SEOUL, Oct. 2 (Korea Bizwire) — A UN investigator on freedom of speech and expression on Wednesday highlighted the need for an alternative military service that is not punitive but can be beneficial to both objectors and Korean society.
Speaking at a public session on alternative service for conscientious objectors at the National Assembly, David Kaye, UN special rapporteur for freedom of expression, said alternative service “should not be of punitive nature” and “the length of the service should be the same as military service.”
Kaye’s remarks come as Asia’s fourth-largest economy, where all able-bodied men must serve around two years in the military, is still debating the duration and nature of alternative service for men who reject the serving in the military due to religious or personal beliefs.
Following a landmark Constitutional Court ruling in June 2018 that recognized the need for an alternative form of service for the first time, the Ministry of National Defense mapped out a plan that gives conscientious objectors an option to work at correctional facilities for three years.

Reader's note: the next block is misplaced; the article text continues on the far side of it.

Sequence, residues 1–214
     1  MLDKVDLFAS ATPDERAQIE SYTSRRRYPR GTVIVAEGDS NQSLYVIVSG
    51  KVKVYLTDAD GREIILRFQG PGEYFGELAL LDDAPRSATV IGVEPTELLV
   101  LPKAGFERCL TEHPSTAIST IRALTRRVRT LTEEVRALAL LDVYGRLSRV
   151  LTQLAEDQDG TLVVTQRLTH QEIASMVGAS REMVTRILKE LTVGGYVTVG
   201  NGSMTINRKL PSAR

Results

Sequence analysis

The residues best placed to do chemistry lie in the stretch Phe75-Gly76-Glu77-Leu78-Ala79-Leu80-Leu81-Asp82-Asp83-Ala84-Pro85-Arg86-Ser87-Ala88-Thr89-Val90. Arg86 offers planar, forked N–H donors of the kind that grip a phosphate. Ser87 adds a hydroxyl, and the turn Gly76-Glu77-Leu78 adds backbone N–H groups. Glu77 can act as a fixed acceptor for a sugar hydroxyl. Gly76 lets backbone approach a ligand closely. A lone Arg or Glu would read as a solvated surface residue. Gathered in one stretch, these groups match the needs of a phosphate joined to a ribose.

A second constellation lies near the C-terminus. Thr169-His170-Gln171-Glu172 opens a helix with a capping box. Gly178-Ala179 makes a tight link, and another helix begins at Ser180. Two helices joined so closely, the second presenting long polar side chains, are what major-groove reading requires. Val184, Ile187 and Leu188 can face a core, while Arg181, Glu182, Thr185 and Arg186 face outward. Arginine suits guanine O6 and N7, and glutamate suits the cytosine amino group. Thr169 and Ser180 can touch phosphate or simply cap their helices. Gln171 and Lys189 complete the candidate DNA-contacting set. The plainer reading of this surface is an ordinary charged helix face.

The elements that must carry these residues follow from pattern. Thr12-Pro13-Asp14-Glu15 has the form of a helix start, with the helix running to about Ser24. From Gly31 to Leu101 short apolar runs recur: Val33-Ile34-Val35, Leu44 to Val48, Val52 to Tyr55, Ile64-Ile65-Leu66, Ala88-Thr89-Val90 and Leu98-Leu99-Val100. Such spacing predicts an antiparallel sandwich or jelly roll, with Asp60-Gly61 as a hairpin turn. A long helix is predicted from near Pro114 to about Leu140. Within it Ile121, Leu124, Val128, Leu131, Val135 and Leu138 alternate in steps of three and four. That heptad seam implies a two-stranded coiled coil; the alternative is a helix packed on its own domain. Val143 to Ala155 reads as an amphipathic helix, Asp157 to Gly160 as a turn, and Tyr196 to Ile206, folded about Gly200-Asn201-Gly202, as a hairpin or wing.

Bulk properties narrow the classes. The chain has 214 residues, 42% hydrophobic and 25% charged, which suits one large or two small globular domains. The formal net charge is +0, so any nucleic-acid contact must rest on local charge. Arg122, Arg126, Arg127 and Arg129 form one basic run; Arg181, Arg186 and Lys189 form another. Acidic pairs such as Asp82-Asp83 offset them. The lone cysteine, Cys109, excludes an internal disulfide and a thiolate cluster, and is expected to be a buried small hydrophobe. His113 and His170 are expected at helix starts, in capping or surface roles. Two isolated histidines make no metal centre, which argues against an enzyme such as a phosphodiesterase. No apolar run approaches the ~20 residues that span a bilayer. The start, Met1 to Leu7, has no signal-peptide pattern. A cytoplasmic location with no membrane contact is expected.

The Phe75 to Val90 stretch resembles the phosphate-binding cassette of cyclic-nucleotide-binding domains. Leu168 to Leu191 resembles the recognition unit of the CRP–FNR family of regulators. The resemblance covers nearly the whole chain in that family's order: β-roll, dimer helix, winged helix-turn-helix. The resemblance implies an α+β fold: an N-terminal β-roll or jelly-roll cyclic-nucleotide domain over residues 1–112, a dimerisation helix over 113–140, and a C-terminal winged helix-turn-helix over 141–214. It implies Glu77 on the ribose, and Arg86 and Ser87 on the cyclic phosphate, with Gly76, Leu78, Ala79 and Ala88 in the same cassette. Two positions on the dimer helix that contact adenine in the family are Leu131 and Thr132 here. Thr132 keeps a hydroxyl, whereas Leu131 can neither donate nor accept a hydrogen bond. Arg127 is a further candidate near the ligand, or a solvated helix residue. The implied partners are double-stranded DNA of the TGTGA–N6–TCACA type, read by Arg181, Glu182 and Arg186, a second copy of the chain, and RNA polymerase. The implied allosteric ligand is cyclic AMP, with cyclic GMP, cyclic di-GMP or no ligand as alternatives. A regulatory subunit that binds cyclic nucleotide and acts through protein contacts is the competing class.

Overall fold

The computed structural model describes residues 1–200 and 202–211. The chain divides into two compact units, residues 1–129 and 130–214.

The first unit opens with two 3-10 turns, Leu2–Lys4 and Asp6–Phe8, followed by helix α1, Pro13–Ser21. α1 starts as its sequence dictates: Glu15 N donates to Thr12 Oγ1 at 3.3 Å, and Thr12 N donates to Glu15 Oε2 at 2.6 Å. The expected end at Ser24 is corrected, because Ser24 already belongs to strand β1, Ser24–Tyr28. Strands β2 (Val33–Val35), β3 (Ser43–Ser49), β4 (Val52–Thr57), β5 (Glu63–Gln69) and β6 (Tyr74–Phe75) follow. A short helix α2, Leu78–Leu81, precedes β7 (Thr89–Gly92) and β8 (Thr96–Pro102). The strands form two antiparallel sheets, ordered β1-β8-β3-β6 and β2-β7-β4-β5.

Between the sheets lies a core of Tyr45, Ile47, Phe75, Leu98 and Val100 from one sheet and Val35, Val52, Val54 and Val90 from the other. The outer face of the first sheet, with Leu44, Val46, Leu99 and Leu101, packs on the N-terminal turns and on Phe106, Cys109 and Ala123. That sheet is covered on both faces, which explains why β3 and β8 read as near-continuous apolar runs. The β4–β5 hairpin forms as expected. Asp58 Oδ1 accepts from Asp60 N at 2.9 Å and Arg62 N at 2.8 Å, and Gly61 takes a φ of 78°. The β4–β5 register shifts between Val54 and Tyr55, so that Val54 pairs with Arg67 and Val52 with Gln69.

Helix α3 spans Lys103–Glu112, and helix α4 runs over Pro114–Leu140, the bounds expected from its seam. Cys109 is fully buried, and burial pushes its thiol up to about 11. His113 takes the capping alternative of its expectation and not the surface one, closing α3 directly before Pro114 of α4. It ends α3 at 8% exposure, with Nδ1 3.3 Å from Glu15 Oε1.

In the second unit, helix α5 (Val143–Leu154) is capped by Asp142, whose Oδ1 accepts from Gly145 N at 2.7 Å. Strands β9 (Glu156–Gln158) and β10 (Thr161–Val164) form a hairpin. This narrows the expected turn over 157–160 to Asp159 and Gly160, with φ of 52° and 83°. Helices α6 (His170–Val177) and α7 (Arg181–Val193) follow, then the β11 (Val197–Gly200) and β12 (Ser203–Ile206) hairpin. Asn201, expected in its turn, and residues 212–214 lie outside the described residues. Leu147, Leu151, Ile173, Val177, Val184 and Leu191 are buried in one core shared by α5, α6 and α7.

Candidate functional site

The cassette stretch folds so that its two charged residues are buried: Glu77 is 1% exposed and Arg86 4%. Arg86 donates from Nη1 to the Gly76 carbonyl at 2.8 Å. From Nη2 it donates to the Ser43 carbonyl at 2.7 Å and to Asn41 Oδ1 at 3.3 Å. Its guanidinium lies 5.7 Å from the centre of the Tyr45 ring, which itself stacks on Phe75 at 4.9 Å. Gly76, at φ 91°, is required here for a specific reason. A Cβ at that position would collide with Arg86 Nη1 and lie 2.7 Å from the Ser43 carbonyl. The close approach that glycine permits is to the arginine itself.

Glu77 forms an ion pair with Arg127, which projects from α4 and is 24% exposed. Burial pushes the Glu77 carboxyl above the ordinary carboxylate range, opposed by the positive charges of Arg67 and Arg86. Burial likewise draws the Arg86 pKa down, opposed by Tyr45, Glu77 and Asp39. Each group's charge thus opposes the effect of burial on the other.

Critics, however, demanded the duration to be shortened to around two years. The National Human Rights Commission said “the service term of conscientious objectors should not surpass 1.5 times of that servicemen.”
Some also questioned the motivation behind limiting alternative service to work at correctional facilities.
Forcing conscientious objectors to work in prisons may be seen as a punitive measure that treats them as potential criminals, they said.
The UN investigator acknowledged that social stigma surrounding conscientious objectors is a complicated issue seen in many parts of the world.
“This is not only an issue in Korea, this is true in many parts of the world where conscientious objectors may be given lower quality or lower status and is seen that way by the society (they live in).”
However, Kaye stressed the need to diversify alternative service duties in a direction that can help erase the stigma and add value to society.
“The cause should be to create a system … that is available to conscientious objectors that is just as valuable and seen as valuable as military service. That should be the goal,” he said.
“It’s quite important for the alternative to military service to be something to add genuine value to the society … to do away with stigma but also move all of those who are in the position of evaluating to a place where they see the person claiming exemption from military, not exemption from service society generally.”
Since the 1950s, around 19,000 conscientious objectors, most of them associated with the Jehovah’s Witnesses, have been arrested and served jail terms of 18 months for rejecting conscription.